The term “universal,” moreover, as applied to a church law, does not refer to the “rite” where a law has force, but rather to the territory where it has force. A standard pre-Vatican II commentary on the Code gives the following division for law:
III. By reason of its extension [ambitus] into: a) universal, which applies in the whole Catholic world; b) particular which has force in a certain limited territory only. (Wernz-Vidal, Ius Canonicum 1:50.)
I don't see where the NO applies to the whole Catholic word. Please, explain to me how that is so when not even all Roman priests have to offer it? In theory all Roman priest could reject it so I don't see how it's particular but that for another discussion.
The same commentary speaks of disciplinary laws which it terms “universal,” even though Eastern Rites are automatically exempt from observing them:
Although Greek Catholics are indeed bound by definitions of Catholic doctrine regarding faith and morals, they are nevertheless not bound by disciplinary laws, even universal ones, unless something is laid down for them [the Greeks], or express mention is made of them, or unless the law for the matter regulated is implicitly extended to them also. (1:148. My emphasis.)
This is illogical. If the Eastern Catholic Churches are not bound by universal laws then how are they universal in the first since they don't apply "in the whole Catholic world"
? This is a common illogic I've seen with many self-proclaimed theologians.
Further, in discussing the secondary object of the Church’s infallibility, the authors treat liturgical laws for the Latin Rite as protected by infallibility, without any further qualification.
Who are these authors and what is their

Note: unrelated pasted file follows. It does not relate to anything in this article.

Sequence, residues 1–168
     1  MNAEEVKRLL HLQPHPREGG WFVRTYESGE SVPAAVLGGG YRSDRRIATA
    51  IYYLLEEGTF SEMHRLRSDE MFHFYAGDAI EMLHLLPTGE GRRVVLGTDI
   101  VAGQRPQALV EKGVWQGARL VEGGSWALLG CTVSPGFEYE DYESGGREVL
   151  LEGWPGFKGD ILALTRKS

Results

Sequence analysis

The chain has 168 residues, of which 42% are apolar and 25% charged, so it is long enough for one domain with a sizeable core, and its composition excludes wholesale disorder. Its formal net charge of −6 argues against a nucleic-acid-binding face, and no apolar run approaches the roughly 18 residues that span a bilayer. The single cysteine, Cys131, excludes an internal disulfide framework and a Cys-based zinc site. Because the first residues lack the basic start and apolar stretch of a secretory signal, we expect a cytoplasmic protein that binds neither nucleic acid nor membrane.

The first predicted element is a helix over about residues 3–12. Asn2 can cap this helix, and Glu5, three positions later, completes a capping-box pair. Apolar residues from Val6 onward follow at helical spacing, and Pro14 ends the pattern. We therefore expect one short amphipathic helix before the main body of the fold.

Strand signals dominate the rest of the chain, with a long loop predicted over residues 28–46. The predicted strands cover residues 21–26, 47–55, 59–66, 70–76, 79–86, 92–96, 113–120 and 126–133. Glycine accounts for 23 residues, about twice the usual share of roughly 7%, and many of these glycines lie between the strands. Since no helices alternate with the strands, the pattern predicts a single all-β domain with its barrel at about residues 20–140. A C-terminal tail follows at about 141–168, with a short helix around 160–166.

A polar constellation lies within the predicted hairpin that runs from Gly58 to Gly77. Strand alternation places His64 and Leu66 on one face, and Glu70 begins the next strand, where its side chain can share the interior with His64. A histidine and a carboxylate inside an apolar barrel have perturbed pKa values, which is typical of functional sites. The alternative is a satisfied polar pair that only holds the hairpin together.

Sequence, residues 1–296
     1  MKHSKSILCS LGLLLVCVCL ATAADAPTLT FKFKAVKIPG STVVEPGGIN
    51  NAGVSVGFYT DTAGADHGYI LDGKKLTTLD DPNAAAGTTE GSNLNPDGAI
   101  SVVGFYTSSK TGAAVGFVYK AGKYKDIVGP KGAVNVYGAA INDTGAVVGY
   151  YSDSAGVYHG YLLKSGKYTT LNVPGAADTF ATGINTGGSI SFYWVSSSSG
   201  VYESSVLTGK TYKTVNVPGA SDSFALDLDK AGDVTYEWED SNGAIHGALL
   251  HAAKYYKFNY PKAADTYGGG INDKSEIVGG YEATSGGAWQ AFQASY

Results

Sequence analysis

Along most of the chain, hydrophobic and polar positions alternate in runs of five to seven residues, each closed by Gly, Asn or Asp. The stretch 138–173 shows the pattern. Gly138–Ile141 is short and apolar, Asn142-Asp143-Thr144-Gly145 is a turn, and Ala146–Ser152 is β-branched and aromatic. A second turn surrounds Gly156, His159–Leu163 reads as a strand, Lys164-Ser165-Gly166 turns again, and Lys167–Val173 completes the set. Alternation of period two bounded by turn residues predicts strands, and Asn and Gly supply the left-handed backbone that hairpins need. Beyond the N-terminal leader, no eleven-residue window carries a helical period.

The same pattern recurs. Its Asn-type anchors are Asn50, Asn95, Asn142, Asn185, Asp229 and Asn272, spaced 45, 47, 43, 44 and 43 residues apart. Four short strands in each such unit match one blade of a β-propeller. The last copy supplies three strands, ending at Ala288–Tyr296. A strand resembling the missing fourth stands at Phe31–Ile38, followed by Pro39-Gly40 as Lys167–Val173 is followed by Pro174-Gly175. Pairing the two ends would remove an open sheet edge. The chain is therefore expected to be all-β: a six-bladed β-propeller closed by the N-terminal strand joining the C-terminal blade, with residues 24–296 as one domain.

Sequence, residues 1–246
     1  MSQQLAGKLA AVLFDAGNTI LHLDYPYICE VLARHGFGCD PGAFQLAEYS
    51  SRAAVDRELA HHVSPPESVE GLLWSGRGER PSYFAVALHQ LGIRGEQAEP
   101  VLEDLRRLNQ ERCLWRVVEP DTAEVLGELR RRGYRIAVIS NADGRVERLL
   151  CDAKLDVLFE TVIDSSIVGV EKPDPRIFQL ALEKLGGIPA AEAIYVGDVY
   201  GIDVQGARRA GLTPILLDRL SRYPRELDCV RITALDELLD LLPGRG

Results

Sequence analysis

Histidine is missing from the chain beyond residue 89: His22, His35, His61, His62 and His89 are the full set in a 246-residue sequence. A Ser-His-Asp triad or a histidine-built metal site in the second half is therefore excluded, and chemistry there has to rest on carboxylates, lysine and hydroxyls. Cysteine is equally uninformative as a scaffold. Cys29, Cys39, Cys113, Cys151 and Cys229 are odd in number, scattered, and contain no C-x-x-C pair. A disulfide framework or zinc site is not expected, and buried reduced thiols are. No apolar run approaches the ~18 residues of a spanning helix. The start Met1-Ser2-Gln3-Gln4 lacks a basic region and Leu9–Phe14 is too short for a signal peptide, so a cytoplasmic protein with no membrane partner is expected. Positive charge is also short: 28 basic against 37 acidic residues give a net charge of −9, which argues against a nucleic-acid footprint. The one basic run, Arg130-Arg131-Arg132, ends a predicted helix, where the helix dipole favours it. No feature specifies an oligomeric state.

guarantee of infallibility? Mere theologians do not have guaranteed infallibility by the Church and Her Faith.
It would thus appear one could not “save” Paul VI by dismissing the errors and evils of his Novus Ordo as some sort of local aberration approved by him in his capacity as Patriarch of the West.
There is not need to save Paul VI. He was the Pope and as such simply held an Office in which he may have saved himself or not. I hope he did. Lord, grant Thy servant eternal rest.
If anyone says that the ceremonies, vestments, and outward signs, which the Catholic Church uses in the celebration of Masses, are incentives to impiety rather than the services of piety: let him be anathema. (Denziger 954.)
He who maintains that Paul VI and his successors were indeed true popes should not dare to criticize the Novus Ordo — for the Catholic Church through her head on earth does not institute ceremonies and outward signs for celebrating Mass which are “incentives to impiety.” Indeed, the Church solemnly anathematizes those who say otherwise.
This quote is out of context. This anathema merely condemns those who believe that the externals in the Mass; the exterior pomp, beauty, signs and pictures used in the Mass (like the chant, the Signs of the Cross, the majestic missals, and the beautiful priest's vestments) are incentives to impiety. This does not apply to the celebration as a whole nor to the form of the words used in the Missal, this is clearly shown by the words "in the celebration of the Mass"
. Ceremonies, vestments and outward signs
are not the words of a particular Missal but rather the general Catholic ethoes.